One Small Step - by Sharon Collins

One Small Step – by Sharon Collins


The following “flash fiction” story by my dear friend Sharon Collins was inspired by the past life regression I had with my teacher Dolores Cannon in 2008, where I experienced a life as a caveman. For those who are not familiar with the term, flash fiction is a work of work of extreme brevity that still offers character and plot development. 


She captured the essence of my experience exquisitely. Thank you Sharon. Let’s do this again!


One Small Step

By Sharon Collins

Standing on the edge of Judgement, for that is what this cliff-edge is called, her prehensile toes curl over the rim.  Her body fights exhaustion while her brain, uncomfortably large in its sloping brain-case, fights  frustration. For countless generations this cliff-edge has been where guilt is decided and punishment delivered.  The accused stand on Judgement for three moonrises.  The watchers rotating through the hours, are also required to stand.  Victims, when the crime is not victimless, are allowed to crouch and watch as well.  On this third night, the entire clan crouches in condemnation as the Headsman has argued all are victims of her crime.  The witnesses know the guilty are always weak and when sleep loosens their knots of protest, they fall into Justice, as that is what the abyss is called.  The innocent stay strong; their knots never loosen; they stand and walk into the Fourth Sunrise.

She is so close to the Fourth Sunrise.  Already its pearlescence warms the East reminding her of the evidence against her. Scattered at her feet are beautiful shells, perfect in their half-wholeness, not shattered as tradition demands. Suddenly the wounded pad of her thumb throbs; she licks the ragged cut still seeping and remembers…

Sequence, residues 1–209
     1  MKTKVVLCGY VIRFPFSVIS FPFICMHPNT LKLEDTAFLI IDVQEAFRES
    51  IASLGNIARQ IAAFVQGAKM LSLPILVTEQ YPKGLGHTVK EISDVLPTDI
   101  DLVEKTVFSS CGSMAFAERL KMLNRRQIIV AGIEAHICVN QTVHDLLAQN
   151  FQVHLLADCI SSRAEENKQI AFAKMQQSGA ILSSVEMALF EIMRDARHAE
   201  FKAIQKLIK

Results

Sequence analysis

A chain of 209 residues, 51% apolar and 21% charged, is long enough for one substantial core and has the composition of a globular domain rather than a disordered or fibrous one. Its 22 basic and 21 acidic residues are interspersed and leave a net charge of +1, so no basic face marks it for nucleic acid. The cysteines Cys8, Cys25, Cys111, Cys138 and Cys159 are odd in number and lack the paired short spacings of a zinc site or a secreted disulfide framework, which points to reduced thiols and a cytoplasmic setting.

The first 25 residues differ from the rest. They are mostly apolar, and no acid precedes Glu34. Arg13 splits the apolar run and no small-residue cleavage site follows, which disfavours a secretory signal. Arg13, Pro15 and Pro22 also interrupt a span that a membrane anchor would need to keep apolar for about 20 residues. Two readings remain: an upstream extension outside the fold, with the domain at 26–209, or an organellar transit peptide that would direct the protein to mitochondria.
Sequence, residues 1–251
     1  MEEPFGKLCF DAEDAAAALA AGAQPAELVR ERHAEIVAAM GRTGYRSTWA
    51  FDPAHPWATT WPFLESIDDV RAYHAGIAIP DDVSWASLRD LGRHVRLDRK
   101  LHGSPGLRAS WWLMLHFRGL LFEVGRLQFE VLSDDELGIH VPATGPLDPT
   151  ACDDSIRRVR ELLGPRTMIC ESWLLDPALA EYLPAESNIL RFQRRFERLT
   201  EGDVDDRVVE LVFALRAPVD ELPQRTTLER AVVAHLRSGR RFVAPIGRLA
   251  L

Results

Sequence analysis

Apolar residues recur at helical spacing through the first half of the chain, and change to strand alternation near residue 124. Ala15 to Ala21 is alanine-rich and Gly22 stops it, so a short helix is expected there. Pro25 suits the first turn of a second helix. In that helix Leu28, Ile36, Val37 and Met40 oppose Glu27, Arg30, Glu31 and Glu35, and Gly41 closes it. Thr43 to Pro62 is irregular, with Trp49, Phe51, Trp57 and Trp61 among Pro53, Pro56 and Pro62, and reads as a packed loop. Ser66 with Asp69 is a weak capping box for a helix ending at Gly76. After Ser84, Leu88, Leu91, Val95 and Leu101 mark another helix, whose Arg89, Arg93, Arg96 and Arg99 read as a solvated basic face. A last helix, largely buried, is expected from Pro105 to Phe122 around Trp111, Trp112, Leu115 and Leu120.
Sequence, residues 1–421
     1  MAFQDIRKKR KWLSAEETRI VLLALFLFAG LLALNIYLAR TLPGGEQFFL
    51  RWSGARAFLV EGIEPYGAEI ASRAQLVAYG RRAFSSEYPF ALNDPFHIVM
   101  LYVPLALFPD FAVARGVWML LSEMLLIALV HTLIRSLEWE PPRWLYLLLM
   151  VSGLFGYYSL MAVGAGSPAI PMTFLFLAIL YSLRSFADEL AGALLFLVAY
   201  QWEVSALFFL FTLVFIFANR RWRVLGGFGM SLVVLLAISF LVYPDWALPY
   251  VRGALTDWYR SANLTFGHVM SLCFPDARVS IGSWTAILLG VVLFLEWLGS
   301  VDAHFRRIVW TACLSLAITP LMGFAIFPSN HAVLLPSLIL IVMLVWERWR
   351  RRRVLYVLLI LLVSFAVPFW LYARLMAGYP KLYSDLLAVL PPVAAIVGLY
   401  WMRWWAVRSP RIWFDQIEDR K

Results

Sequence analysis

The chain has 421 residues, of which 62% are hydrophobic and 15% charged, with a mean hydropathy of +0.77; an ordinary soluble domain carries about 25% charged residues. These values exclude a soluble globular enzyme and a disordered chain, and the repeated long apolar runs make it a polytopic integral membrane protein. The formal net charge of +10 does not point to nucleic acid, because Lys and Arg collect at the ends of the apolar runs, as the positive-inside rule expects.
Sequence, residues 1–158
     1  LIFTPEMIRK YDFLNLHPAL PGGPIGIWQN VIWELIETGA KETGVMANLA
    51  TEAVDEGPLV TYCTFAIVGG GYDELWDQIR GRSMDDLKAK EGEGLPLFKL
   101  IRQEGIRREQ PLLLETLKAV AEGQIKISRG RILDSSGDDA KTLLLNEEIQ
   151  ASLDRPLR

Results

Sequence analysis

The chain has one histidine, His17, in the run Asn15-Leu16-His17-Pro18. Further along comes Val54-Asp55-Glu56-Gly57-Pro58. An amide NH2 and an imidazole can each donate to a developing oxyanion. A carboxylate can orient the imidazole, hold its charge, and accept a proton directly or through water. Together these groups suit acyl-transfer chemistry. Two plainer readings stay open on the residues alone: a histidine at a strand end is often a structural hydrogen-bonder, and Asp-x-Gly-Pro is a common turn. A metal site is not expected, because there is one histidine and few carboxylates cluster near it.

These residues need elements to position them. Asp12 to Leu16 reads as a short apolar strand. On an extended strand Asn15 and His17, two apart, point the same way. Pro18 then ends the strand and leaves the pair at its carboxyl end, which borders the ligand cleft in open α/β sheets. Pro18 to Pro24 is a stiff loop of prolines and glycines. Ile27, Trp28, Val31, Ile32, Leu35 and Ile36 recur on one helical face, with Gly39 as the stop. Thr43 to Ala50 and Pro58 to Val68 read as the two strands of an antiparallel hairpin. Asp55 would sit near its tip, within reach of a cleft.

Four days ago as the tide receded, she collected clams with the woman.  Sitting on the hardpan, they arranged their smashing stones and began the dangerous business of extracting the juicy meat.  The clacking clatter of their work, reminded her of the gulls, also feasting on the beach.  Watching them, she hit a large shell with a glancing blow. It exploded, a shard embedding itself in the flesh of her thumb.  Nursing the wound, she witnessed a gull scoop a shell and flap back into the sky.  Hovering above her, it let the shell drop.  Landing with a loud crack, she watched as the shell released its lock and slowly sprung open.  Seconds later, the gull swallowed its glistening bounty and scooped up another.   Struck by the simplicity, she gathered several clams and climbed the steep track up the cliff side and cast them onto the hard sand at the water’s edge.  By the time she climbed back down the gulls had enjoyed her efforts.  All the open shells were empty.  Angry, she adapted. Calling her daughter, she explained.  Again, she climbed and cast.  This time the reward was theirs to reap and reap they did.  Her clay bowl, filled to the rim, drew envious glances. Suddenly they were all collecting, climbing, and casting.  That is, all were except the Headsman’s woman.  Returning to the cave, she reported.  Crime was being committed; tradition was being broken.  Change could not tolerated; evolution not allowed.  She was accused of the greatest transgression. She had done something different. 

As the sun breaks above the horizon, the Headsman approaches, hands open in welcome and holding a necklace of broken shells, symbol of acquiescence. Hers to accept.  She hovers like a gull, step back into ignorance? Step forward into freedom? She steps..

Continue reading with part two, Sapiens, and part three, Moment of Truth

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